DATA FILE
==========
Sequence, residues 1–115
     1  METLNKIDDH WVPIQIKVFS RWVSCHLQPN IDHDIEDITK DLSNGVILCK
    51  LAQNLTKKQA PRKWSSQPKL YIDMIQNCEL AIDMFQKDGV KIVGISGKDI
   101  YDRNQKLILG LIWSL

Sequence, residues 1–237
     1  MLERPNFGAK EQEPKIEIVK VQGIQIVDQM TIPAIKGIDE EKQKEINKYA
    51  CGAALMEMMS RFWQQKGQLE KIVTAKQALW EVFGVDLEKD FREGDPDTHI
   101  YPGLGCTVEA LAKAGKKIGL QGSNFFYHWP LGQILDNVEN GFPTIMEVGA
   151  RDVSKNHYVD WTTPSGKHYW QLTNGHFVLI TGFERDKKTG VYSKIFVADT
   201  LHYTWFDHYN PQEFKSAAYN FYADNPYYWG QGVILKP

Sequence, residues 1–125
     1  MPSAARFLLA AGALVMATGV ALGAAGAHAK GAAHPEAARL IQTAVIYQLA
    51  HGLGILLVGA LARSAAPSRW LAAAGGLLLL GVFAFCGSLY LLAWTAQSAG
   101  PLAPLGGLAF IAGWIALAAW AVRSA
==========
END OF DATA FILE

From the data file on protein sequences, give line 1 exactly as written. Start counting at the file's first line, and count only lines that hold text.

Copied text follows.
Sequence, residues 1–115